You may be among those parents who are totally ‘anti’ dummies (also known as pacifiers) – but a fretful, frequently-crying baby may make you think again!
At around 2-3 months you may consider giving a dummy to help your baby settle down to sleep, or to relieve pain such as with colic – although there is no proof that this actually works. If you decide to give your baby a dummy, you will join around two thirds of all parents.
Below are some things that you need to be aware of, and that may help with your decision:
‘Babbling’ and – later on – ‘chatting’ are important stages of speech development. When baby is awake, having a dummy frequently or for long periods can affect these important stages.
Long-term use of dummies (and/ or thumb sucking) can cause problems with normal tooth development – particularly significant when your child’s permanent teeth begin to appear.
If cleaning and sterilizing are not thorough, germs could enter your baby’s mouth, risking viral illnesses and viral gastroenteritis – with symptoms such as fever, diarrhoea and vomiting.
If you are breastfeeding, your baby may become confused by having a different- textured teat. Breast stimulation from sucking is important in producing prolactin, which in turn stimulates the supply of milk – it is possible that less use of the breast may result in reduced milk supply. ‘Nipple confusion’ and/or reduced milk supply can lead to abandoning breastfeeding totally after just 2 or 3 months – in fact the United Nations Children’s Fund (UNICEF) is keen to discourage the use of dummies, recommending using the breast only for the first 6 months of an infant’s life.
Dummies and SIDS (Sudden Infant Death Syndrome – or cot death)
Use of a dummy may possibly help prevent SIDS by affecting baby’s sleeping position – the profile of the mouth shield and handle keeping baby’s nose and mouth clear of bedding. Using a dummy may also keep baby in a state of greater arousal, and the sucking action may help the way your baby controls his or her upper airway – so baby will possibly be less likely to have breathing or heart problems while asleep. In the UK, NHS guidelines state: “It is possible that using a dummy at the start of any sleep period reduces the risk of cot death. However, the evidence is not robust and not all experts agree they should be promoted”.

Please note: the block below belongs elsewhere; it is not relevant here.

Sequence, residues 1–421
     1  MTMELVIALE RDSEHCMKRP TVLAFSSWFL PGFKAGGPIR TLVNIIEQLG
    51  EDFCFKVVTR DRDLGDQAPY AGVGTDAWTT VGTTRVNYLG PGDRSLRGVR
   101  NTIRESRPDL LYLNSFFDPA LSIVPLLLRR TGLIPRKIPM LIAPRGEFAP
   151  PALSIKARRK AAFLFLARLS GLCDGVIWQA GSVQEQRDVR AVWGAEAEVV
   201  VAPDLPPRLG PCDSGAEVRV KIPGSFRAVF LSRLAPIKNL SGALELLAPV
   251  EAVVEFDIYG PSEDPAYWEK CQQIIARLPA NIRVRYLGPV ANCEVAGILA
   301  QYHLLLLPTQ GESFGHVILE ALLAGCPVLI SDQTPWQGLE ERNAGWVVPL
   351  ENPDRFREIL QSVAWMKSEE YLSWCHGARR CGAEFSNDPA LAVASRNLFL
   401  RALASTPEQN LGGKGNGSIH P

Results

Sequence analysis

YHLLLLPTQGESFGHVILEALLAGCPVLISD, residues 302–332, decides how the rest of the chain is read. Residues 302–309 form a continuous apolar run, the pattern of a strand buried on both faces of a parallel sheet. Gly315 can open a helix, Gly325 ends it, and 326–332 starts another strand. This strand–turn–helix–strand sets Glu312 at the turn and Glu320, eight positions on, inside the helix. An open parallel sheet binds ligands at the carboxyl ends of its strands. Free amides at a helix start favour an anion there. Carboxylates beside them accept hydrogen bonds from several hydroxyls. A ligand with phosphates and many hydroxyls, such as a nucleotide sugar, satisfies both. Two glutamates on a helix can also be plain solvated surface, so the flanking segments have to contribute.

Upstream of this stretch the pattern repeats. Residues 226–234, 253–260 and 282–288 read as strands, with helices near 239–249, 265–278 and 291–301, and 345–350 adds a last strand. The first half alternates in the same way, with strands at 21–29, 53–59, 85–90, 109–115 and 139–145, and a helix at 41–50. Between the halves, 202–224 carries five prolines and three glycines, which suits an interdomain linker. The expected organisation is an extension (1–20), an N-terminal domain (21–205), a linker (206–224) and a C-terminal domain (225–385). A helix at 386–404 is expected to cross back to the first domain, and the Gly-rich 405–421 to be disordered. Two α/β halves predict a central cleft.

- Dummies have a teat made of silicone or latex rubber; latex is softer and more flexible than silicone, but does not last as long.
- Dummies are easy to sterilize, and some come with covers for when they are not in use.
- Buy good orthodontic dummies.
- Sterilise dummies regularly and keep them clean at all times.
- Look for cracks and splits – they trap germs, throw the dummy away.
- Buy new dummies regularly and throw away old ones.
- Never dip a dummy in honey, fruit juice, or anything sweet – this will lead to tooth decay
- Limit dummy use to when baby needs settling to sleep, or is disturbed or unwell.
- Don’t give a dummy automatically – think about whether your baby really needs it.
- Don’t let using a dummy become a habit.
- Wean baby off the dummy before 12 months of age.
- Gradually cut down dummy use to only at bedtime or when your child is ill – and be firm.
- Reward an older child (but not with sweets) when he or she goes without a dummy.
- Your child will want to be like ‘older’ children so point out that older children don’t use dummies.
- Encourage your child to ‘give his or her dummies away’ to a baby brother or sister, or to a friend’s baby.
This information presented to you acts as a guide which contains researched information only and is not intended to replace advice from a qualified health professional.
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